Human dignity in post-conflict spaces: oral history as a tool for peace
Caught in the violence of war in the mid 1990s, Bosnian Muslims became the victims of a brutal and bloodthirsty purge at the hands of Serbian forces. Murder, rape, plundering, and forced relocation on a massive scale ravaged the region, and the small town of Srebrenica became the site of the first genocide in Europe since World War II. During her visit to the Center, Selma Leydesdorff, professor of oral history and culture at the University of Amsterdam, gave voice to the women of Srebrenica in her lecture, “Surviving Genocide: The Women of Srebrenica Speak.”
In a February 2019 interview, Yasmin Saikia, the Hardt-Nickachos Chair of Peace Studies, spoke about why Leydesdorff was chosen to deliver the annual Hardt-Nickachos Peace Studies Lecture, and what is so important about her work.
Q: To start us off, what is oral history and what is its value?
A: Oral history is more than just a method that historians use to do research. Oral history allows us to open up new sites of investigation, giving voice to memories that more traditional, or state histories may not record. For one example, this approach creates avenues for unearthing mass atrocities that gives way to more efficient reconciliation processes. People’s voices educate us on systemic injustice, including underlying causes and show us how to rebuild healthy relationships.
Oral history also serves to include perspectives that may have been marginalized over time, shaking our historical consciousness and reinforcing the dignity of the human voice. This is important to peace studies because through human stories, people are able to connect and engage, advocate, contribute, and support the betterment of human communities.
Q: You selected Selma Leydesdorff, an oral historian, as this year’s Hardt-Nickachos Speaker in Peace Studies. What do you think is important about her work in shaping the future of peace?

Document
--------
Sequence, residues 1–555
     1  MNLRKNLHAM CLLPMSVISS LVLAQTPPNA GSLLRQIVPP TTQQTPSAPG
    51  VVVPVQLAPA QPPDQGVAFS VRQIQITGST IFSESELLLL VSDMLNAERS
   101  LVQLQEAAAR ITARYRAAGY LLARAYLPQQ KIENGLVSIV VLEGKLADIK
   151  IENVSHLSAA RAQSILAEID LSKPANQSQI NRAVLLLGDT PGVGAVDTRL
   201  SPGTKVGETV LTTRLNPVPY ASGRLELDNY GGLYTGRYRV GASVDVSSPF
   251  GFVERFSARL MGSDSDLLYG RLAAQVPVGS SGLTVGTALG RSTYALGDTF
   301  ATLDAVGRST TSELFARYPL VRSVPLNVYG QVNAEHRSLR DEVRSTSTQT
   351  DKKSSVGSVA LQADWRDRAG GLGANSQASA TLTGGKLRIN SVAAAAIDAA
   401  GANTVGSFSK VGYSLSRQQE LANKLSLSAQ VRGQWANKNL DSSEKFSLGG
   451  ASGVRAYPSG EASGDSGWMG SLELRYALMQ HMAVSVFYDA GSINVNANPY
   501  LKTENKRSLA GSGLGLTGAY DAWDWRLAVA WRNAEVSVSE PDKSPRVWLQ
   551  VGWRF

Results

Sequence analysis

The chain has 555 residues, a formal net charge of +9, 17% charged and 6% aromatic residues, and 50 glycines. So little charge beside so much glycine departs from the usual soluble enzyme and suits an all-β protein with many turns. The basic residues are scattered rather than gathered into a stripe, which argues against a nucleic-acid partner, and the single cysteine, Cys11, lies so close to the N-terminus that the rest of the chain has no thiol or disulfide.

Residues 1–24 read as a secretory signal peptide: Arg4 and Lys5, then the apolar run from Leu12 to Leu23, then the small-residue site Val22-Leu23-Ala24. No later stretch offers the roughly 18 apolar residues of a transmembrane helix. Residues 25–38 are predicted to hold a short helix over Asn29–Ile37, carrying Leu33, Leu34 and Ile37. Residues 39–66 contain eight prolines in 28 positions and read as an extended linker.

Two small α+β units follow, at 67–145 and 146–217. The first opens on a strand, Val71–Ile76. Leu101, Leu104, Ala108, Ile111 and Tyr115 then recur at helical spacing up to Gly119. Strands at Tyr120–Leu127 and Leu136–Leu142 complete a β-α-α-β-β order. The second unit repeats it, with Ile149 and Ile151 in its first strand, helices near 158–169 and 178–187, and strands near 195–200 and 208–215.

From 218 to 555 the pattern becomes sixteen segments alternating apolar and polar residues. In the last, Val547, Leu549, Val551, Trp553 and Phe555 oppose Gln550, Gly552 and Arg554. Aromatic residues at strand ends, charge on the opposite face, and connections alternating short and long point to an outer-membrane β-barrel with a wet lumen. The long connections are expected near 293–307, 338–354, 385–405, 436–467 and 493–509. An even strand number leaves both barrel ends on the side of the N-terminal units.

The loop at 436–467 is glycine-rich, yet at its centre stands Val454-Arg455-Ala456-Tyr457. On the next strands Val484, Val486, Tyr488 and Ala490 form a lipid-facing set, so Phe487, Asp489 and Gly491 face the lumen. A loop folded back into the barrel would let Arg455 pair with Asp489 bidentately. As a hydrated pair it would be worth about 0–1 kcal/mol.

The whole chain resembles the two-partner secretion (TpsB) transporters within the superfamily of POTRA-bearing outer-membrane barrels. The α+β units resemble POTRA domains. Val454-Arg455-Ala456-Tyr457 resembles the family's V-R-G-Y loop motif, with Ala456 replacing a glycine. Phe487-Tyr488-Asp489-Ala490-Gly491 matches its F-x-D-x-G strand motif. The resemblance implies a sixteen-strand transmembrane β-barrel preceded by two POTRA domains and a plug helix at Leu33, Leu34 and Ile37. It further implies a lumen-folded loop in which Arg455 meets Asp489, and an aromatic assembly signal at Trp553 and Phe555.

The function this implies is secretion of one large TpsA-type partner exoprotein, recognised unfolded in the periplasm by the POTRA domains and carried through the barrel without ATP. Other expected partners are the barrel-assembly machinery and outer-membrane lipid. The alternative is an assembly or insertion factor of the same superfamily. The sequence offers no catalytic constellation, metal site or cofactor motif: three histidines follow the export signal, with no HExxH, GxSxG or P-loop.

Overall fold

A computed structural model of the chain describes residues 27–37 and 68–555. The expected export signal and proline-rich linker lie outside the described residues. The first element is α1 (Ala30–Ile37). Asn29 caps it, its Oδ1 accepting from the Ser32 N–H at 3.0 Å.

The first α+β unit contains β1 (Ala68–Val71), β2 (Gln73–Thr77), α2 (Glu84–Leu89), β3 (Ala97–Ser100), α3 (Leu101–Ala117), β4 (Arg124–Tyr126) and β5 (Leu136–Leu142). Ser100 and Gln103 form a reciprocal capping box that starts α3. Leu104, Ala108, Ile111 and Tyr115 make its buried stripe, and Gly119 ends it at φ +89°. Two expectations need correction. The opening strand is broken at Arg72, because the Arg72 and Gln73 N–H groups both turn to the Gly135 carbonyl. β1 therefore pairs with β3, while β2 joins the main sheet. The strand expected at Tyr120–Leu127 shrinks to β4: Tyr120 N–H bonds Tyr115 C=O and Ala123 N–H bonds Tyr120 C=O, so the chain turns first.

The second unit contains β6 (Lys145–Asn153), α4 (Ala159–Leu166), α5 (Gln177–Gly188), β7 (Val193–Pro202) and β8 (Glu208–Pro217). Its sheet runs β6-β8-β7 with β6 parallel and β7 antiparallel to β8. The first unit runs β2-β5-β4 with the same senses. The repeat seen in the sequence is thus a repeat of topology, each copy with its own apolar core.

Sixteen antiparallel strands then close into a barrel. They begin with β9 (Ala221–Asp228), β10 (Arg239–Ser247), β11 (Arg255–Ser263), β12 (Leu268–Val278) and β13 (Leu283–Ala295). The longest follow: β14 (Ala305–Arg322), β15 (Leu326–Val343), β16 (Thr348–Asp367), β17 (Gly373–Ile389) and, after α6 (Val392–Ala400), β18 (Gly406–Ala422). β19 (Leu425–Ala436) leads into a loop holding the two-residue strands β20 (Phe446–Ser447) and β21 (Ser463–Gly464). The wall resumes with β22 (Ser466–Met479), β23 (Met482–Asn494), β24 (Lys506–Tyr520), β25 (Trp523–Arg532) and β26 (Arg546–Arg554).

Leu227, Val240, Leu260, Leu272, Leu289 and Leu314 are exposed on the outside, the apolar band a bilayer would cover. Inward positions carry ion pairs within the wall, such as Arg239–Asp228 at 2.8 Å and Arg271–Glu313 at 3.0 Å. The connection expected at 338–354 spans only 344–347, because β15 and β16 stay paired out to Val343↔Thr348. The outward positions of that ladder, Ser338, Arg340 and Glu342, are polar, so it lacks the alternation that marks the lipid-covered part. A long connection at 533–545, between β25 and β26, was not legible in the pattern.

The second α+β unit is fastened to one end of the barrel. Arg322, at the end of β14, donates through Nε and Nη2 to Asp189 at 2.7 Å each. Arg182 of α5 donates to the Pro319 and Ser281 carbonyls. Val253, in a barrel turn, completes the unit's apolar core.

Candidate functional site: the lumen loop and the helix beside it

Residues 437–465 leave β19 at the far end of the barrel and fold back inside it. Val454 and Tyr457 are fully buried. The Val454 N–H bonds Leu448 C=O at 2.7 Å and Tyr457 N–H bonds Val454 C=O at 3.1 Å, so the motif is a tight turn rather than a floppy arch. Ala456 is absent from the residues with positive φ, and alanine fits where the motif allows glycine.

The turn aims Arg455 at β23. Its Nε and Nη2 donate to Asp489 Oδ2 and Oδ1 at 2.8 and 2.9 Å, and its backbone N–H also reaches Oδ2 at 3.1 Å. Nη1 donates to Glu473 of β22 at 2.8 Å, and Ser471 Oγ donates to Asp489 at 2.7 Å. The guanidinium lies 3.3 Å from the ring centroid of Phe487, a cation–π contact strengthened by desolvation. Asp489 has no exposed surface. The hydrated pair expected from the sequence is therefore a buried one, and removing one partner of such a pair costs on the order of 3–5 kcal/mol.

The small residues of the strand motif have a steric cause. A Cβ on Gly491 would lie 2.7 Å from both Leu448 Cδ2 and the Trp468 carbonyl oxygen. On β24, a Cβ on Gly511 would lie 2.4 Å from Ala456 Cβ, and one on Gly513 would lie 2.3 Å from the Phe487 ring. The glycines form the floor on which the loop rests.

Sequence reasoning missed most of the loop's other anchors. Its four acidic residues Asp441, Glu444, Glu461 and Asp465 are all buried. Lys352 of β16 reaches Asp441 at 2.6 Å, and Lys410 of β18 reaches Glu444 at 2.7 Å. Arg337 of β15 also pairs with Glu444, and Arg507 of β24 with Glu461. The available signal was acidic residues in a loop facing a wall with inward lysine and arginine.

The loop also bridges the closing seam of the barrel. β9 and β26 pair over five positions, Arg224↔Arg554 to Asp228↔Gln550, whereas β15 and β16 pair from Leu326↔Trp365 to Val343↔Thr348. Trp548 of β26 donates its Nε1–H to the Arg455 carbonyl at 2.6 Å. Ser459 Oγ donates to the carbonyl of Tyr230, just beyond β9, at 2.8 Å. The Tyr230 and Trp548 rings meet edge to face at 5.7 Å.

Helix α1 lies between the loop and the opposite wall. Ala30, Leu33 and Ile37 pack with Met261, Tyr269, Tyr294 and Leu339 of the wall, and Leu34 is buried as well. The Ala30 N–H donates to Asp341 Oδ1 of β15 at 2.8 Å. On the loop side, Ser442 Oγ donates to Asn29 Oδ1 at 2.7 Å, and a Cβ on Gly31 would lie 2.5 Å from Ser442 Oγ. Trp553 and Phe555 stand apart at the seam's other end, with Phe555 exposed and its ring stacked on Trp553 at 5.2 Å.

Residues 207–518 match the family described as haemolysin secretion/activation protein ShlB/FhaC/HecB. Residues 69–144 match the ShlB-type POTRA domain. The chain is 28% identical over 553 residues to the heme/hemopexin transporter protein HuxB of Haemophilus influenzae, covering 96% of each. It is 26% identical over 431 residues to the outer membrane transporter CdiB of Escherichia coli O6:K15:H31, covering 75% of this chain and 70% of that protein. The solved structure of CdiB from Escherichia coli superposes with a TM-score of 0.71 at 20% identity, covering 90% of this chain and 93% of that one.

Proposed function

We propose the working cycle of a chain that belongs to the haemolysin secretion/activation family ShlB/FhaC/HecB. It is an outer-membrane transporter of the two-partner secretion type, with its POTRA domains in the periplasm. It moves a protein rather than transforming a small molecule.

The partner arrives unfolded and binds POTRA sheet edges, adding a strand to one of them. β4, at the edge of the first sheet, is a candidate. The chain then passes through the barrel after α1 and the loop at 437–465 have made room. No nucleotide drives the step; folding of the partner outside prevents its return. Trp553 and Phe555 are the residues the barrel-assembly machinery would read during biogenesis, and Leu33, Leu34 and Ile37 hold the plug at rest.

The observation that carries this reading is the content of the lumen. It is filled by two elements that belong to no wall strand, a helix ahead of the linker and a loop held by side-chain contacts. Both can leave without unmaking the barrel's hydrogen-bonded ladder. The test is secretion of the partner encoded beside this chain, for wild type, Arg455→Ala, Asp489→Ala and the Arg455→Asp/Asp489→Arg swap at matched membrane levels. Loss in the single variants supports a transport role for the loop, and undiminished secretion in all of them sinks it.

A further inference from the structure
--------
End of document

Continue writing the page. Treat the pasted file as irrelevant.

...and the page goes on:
A: Selma Leydesdorff’s work transformed her field and has made oral history an important tool for understanding trauma and post-war memories. Her work on the Holocaust and her more recent book on Srebrenica—which tells the survival stories of Bosnia women who were victimized in the war—allow people to come to terms with a violent history and have created pathways for living in peace between survivor communities. Her book on Bosnian women also provides an important critique of the silence and complacency about war’s violence and the politics surrounding it by governments and international agenices such as the United Nations Peacekeeping Forces.
History reminds us of the forgotten and in doing so, dignifies everyday people. This is necessary to continue building peace in our times. Leydesdorff inspires us to use history as a tool towards peace rather than using it as a medium that simply glorifies war.
Q: How does her work fit into Peace Studies as a whole?
A: Traditional history has glorified and narrated war as a pivotal tool for change, but Leydesdorff’s work focuses on the memory of people—the survivors’ memory—which celebrates life beyond violence. This approach reorients us as we think about peace: by capturing the lived history of ordinary people, we see that peace is a process in history, not merely an arrival. It provides an inspiring reminder that violence is never total; that underneath the debris of war, the human survives and can tell the story of resilience.